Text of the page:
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Showing posts from May, 2010

4 .NET 4.0 Libraries You *Should* Know Better – MEF, Reactive, Tasks and Dynamic

In this post, I’ll consolidate few posts on four .NET libraries/frameworks, that’ll help you write better appsMEF or Managed Extensibility Framework - System.ComponentModel.CompositionMEF or Managed Extensibility Framework is cool. Firstly, it allows you to decouple your components pretty easily. Secondly, it supports various component discovery scenarios, and enables you to write better frameworks. An Introduction to MEF- Creating a Zoo And AnimalsMEF or Managed Extensibility Framework and Lazy<T> – Being Lazy with MEF, Export Attributes etcReactive Extensions and LINQ To Events – System.ReactiveReactive Extensions will soon become the de-facto for writing asynchronous code in a declarative manner .NET Rx gives greater freedom to compose new events – you can create specific events out of general eventsWhat is LINQ To EventsConcepts And First LookLinq To Events – A WPF Drawing DemoA Text Template for generating GetEventName wrapperParallel Extensions and TasksSystem.Threading…

An Extension Method to Dump Control Templates of WPF Controls

In Blend, you have the ability to create a copy of the control template of a control, and edit it (Right Click – Edit Template – > Edit A Copy). If you are interested, you can dump the Control template of any given WPF control pretty easily, from the source code as well.Here is a simple extension method to dump the control template of a WPF control. public static class ControlTemplateExtension { public static string DumpControlTemplate(this Control ctrl) { XmlWriterSettings settings = new XmlWriterSettings() { Indent = true, NewLineOnAttributes = true }; StringBuilder strbuild = new StringBuilder(); XmlWriter xmlwrite = XmlWriter.Create(strbuild, settings); XamlWriter.Save(ctrl.Template, xmlwrite); return strbuild.ToString(); } } And now you can go ahead and dump your control templates, like this. //use your control name instea…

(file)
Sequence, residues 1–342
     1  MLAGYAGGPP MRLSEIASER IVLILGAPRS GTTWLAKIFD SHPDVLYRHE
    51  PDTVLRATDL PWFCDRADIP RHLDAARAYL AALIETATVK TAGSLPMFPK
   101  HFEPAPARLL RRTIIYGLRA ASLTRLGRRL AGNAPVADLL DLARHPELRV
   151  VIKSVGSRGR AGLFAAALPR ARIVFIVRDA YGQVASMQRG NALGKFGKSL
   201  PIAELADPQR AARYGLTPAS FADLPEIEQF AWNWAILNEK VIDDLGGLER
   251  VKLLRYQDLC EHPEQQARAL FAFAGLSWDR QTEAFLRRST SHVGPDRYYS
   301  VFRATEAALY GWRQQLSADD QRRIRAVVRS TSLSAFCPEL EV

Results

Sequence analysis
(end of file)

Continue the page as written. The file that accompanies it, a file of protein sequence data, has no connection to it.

C# 4.0 AccessPrivateWrapper – Instantiate and Access Private/Internal Classes and Members via dynamic + reflection

[+] Download Related Source codeFrankly, intrusion in to the private space of others is not so great. Mostly, you’ll get a kick in your ass, but at times, if you are lucky and if you are really smart, you’ll end up finding something really cool (Bond, James Bond). For me, at times, when doing some hacks/exploration of compiled or third party assemblies, I end up wanting to initialize a private class or a class with a private or internal constructor. Or, at times, when dealing with pre-compiled legacy libraries that I can’t change - I want to write a couple of tests against a private method to understand how it works.  I remember going through the source code of TFS power toys or so some time back - and I found that those guys are bringing up a lot of goodness by unearthing some private classes in the TFS library.Still, I should warn you.Warning (assume that this is in red): Private types, internals and private members are so because of some reason, and often you don’t want to mess wit…

Creating a Standalone, offline Installer for installing Silverlight runtime + your XAP application

Related DownloadsSilverlight Nerd Dinner Client Offline InstallerFiles Required To Create the Installer (NSIS Script, XAP File etc)NSIS Installer to compile the above ScriptWhat?Recently a friend asked me to help him create an ‘installer’ to pack and distribute the Silverlight game he recently developed. He wanted to distribute his game via software download websites (like download.cnet.com), and via medias like CD/DVD. In fact, that is pretty easy (technically) - and this post is about creating and deploying Silverlight Runtime + Your Silverlight application (Xap file) using your very own custom, standalone, offline installer with out getting a browser installed - instead of the user installing your Silverlight application Out Of Browser via the web browser. Alright. In this post, we’ll see how to build a standalone installer for Silverlight Nerd Dinner Client that I built some time earlier (It is a Silverlight client for Scott’s Nerddinner.com to enable nerds to ‘eat in packs’). The…

Suggested Red Polo T-Shirt Replacement for @Scottgu

I’m a @scottgu fan, so can’t stop thinking about this after watching Iron Man 2 ;).Happy Coding!! ;)Recent Tech Posts6 Visual Studio 2010 Tips You Should KnowA Nerd Dinner Client for Windows Phone 7Developing for Multi Core Machines in .NET 4.0C# Dynamic Features

Developing for Multicore machines. Tasks in .NET 4.0 - Why/What/How?

With those multi core processors everywhere, support for parallelism is an already implicit requirement for any new application. This post explores how easily you can implement parallel features in your application, with .NET 4.0. What is Parallel computing? From Wikipedia,Parallel computing is a form of computation in which many calculations are carried out simultaneously,[1] operating on the principle that large problems can often be divided into smaller ones, which are then solved concurrently ("in parallel"). Yes, like that photo indicates, parallel systems can do multiple things at the same time..NET 4.0 framework provides a wealth of easy to use primitives and abstractions to enable developers to quickly write parallel programs, targeting multi core machines. In this post, we’ll explore Tasks.The System.Threading.Tasks has all the classes and abstractions you need to develop applications targeting multi core machines. What is a Task?A Task in .NET 4.0 is a simple unit …